A council is going back to the drawing board on plans to scrap two hours free parking following an angry response from residents.
Bosses at Folkestone and Hythe District Council (FHDC) were considering introducing pay-and-display machines in certain streets in Folkestone, Sandgate, Hythe and New Romney.
But the proposal, which was due to come into force in April, sparked fury among residents who feared the move would be the death of their high street.
FHDC's cabinet was set to vote on the proposals last night, but council leader Cllr Jim Martin (Green) announced that it had been withdrawn from the agenda.
The initial plans would have seen charges of up to £2 an hour in six streets in Folkestone, while for Hythe High Street, Sandgate High Street and New Romney High Street, the charge would be £1.80.
The council said the plan could improve traffic flow, encourage drivers to be more compliant with the rules, raise vital funds and encourage more sustainable modes of transport.
However, at a meeting of the council’s overview and scrutiny committee on Tuesday, cabinet member for transport, Cllr Polly Blakemore (Green), said the authority had altered the plans.
Speaking before the proposal was withdrawn from the cabinet agenda, Cllr Blackemore said instead of fully removing the free parking period in the designated streets, there would be a half-hour free period, and in the six Folkestone streets the hourly fee would be £1.80 instead of £2.
The Folkestone roads earmarked for fees were Bouverie Square, Bouverie Road West, Christ Church Road, Cheriton Place, Manor Road and Sandgate Road.
A council officer explained: “Even if you have 30 minutes free parking you will need to go to the pay-and-display machine and obtain a ticket or book a session via RingGo.
“The issue we currently have is people park up for two hours and then go to another location where they can find another parking space for two hours, so that will go.
“If you book a session for 30 minutes that will read for the day so you cannot then go out and book another ticket for another 30 minutes."
Cllr Blakemore added: “These proposals will increase parking enforcement efficiency, encourage driver compliance through fair and consistent enforcement, improve traffic flow and reduce parking congestion, encourage greater use of off-street parking, and help plug the council’s budget deficit.”
However, members weren’t all enthused by the plans.
“It’s a big dilemma, as a Green I would like to see people using more public transport or cycling to town,” said mayor of Hythe Cllr Anita Jones (Green).
“But we know that public transport is often unreliable, especially more recently, and this plan isn’t actually a plan to stop people driving to the high street, it's just to charge them more for the convenience of being there.”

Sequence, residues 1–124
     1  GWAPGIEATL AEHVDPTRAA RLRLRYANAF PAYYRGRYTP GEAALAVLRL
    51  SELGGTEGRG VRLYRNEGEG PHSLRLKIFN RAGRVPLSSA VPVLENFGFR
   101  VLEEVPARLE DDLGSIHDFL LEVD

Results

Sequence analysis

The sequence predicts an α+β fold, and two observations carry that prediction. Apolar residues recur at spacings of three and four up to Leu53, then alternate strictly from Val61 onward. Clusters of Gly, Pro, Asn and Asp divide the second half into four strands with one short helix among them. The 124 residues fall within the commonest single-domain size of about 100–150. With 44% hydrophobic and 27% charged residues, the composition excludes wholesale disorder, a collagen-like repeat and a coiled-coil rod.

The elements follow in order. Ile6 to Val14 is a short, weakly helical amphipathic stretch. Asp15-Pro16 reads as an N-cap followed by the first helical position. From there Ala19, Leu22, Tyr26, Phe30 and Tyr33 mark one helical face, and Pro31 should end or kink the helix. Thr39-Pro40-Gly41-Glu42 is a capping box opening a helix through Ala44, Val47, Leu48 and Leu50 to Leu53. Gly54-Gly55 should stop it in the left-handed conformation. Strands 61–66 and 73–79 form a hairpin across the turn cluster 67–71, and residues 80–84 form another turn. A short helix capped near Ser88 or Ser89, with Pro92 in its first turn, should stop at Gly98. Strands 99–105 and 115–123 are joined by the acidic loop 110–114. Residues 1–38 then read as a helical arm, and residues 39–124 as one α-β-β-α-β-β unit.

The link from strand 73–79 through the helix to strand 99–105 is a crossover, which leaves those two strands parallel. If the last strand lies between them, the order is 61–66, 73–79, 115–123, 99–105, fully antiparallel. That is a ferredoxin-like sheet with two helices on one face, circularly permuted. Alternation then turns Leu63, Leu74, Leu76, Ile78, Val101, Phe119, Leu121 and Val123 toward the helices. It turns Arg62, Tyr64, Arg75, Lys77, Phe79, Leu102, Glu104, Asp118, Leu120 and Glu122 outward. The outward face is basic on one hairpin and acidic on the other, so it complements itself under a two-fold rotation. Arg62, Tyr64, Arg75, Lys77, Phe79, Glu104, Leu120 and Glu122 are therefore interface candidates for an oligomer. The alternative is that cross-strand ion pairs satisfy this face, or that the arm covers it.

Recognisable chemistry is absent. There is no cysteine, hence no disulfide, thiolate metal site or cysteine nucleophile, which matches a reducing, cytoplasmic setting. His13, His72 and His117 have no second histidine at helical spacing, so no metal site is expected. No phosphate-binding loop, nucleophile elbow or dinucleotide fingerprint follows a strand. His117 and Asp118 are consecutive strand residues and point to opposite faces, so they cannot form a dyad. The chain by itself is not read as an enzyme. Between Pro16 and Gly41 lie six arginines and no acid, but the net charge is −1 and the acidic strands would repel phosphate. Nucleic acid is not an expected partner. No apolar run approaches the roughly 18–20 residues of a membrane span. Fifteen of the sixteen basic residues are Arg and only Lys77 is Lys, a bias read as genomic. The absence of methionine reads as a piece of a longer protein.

She stressed she can only speak from Hythe’s perspective, but was sure traders in other towns “would be upset too”.
“It is really tough times particularly for small independent traders and if we are not supporting them we won’t have a high street at the end of this,” she added.
Cllr Alan Martin (Con), who represents Walland and Denge Marsh, said he thought the plan would “cause a huge stink”.
“I think businesses will be very concerned and residents will be very frustrated,” he said.
“The proposal to have the 30 minutes free parking I think will mean you’ll raise virtually nothing from this.
“New Romney serves a rural community. If you live in Ivychurch you don’t have an alternative way of getting into New Romney, you can’t get a bus but you won’t be able to get back again because there’s only one bus a day.
“There’s no viable cycle path or easy way that you can walk in from these rural communities.
“Your only real reliable way to get into New Romney is to drive and then they obviously need to park their car.
“If you’re going to force those people to pay I think they're going to question whether they come into the high street at all.”
However a council officer stressed: “Across districts in Kent they already charge for parking on street, in Dover they do charge £1.80 an hour as well and the same in Ashford and Canterbury.
“Most districts do charge, this is something that should have been considered a while ago.
“We have a budget deficit, on-street parking gives us a net cost of about £440,000 for the past five years.”
It was expected the changes would make from £173,000 to £288,000 per year depending on usage.
But in a statement released this morning, Cllr Blakemore confirmed the plans have been put on hold.
“We listened to initial feedback and will continue to listen as we develop our proposals regarding parking," she said.